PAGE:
Using rewards for getting kids to cooperate is a great way to get short term compliance.
In fact, rewards are much better alternatives to threats, bribes and physical punishment. But, there are long term repercussions for using rewards that many people don’t know about.
One thing that happens when using rewards, is that kids lose intrinsic motivation to complete a task. If a child gets promised a chocolate to clean her room, the room may get cleaned the first ten times… but what about when the desire to not clean the room outweighs the desire to have the chocolate? Will she still clean her room?
Another thing that happens, is that one day, the reward will stop working.
One of my university students told me a story about a primary school boy she had taught during one of her student teaching pracs. The teacher’s method for gaining cooperation was by using pegs on a ladder. If you behaved, the peg went up, if you misbehaved, the peg went down. Most children were compliant, because they wanted their pegs to move up. The boy was compliant too… until one day, he stopped caring about the peg. The boy started misbehaving and the teacher asked the boy if she should move his peg down the ladder because of his poor behavior. To which the boy replied, “I don’t give a fuck about the pegs!”
He was a primary school student.
I’ve taught so many classes (high school and university) where the student’s main concern about learning is about what’s going to be on the test.
Interest in the subject? Nope. Rarely.
Interest in what will be on the test, yes.
Fear that they won’t get that good result. Yes. (The good grade becomes the reward.)
A study was done comparing two groups of children. (Although, anyone could replicate this study and get a similar result). One group was given an art activity to complete with the promise of a reward at the end. The other group of children was given the same art activity, but without any reward to complete the task.
Guess which group stayed engaged with the activity longer?
The group that was offered no reward stayed interested in the task longer.
Certainly, there are natural rewards in life. If you go to work and work hard, you might make a lot of money. If you work hard in your garden, you might get a nice harvest. If you practice hard at an instrument, you might get good at it. Notice how I say, ‘might‘. Because, really, there is no guarantee that you will succeed at anything, even if you work tirelessly. So then what… do you become unhappy with life because you didn’t get your ‘reward‘?
See, there needs to be some intrinsic motivation to continue with an activity, regardless of the fruit of your action.
Getting Kids to Cooperate Without using rewards
Use a playful approach to discipline
Getting kids to cooperate need not be a mundane chore. There is a fantastic book called, ‘Attachment Play‘ by Aletha Solter, on using various forms of play that create connection and a more harmonious family life, or wherever it is that you deal with children. (Actually, I recommend all of her books) Not only does using playfulness get kids to cooperate, but it also creates a special connection time with a child. I wrote a short blog post on different types of playful discipline.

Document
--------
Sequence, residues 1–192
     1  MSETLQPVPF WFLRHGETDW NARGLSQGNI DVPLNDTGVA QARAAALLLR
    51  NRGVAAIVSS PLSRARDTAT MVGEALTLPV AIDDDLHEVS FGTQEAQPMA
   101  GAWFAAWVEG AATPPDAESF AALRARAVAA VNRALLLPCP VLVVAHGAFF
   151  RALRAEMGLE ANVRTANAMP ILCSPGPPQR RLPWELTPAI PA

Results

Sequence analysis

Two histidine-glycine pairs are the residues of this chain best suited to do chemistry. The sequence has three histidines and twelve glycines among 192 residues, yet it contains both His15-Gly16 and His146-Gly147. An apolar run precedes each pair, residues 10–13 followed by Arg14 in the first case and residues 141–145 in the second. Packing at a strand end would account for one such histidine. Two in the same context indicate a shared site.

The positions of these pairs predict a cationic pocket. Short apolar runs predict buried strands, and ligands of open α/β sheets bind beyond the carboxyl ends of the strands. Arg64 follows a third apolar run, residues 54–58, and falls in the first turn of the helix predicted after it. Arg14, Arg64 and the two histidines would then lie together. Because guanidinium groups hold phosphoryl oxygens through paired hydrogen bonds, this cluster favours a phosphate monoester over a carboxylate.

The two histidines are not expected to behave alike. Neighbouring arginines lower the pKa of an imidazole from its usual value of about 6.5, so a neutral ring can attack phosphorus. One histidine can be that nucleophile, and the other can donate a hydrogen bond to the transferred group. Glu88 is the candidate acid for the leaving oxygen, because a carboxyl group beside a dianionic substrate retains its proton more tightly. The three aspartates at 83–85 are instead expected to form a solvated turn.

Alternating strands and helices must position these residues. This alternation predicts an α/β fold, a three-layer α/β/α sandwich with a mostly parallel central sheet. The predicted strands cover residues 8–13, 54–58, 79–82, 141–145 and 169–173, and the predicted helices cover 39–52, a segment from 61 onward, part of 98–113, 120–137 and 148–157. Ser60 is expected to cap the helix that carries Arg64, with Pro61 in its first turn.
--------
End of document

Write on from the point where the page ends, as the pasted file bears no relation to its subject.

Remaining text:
Lend an Ear to A Child’s Frustrations
Children should be free to express their emotions. If a child is disappointed about something and they go to cry about it, let them know that you understand their frustrations. Just because you let them cry about something, doesn’t mean they are getting their way. On the other hand, if the request is reasonable, there’s no harm in letting them have their way. But, if the request becomes too unreasonable and you have to say ‘no‘ and they throw a fit, let them know you understand. Validate their emotions as much as possible. When they are finished voicing their complaints and being heard, they will be much more cooperative.
Give Children As Much Autonomy As is Reasonable
Children should be able to make as many of their decisions are is reasonable. For younger children it can be simple things like choosing their clothes, or deciding where they want to go for a walk. If we don’t micro-manage their every movement, they will be more likely to cooperate when you really need them to.
Let Children Learn Through Natural Consequences
“You’re upset because you stepped on your toy and broke it. If we pick the toys up, then we can keep them safe.”
“Are your shoes uncomfortable?” (sometimes my daughter insists on wearing inappropriate shoes for the activity that we’re doing) Next time, if you chose the shoes that are most comfortable for walking, then your feet will feel better”
They’ll get it eventually. And, when they do get it, the learning becomes authentic because it came from their own experience. There are many things that cannot be learned through natural consequences (like road danger), because the consequences are too great. If a quick risk assessment proves that the consequences are not that dear, then the child can benefit greatly by letting the learning experience occur naturally. Letting children learn through natural consequences also makes life easier for the parents, because, again, we are not micro-managing.
Build Pathways of Communication Rather than Punish
Children will start avoiding the parents or the teacher if they know they will get into trouble. If we can communicate in a way that does not emphasis blame, disgust or anger, then our children will be more willing to cooperate with us when they’ve gotten into trouble.
The cute goat picture has nothing really to do with rewards… it’s just cute.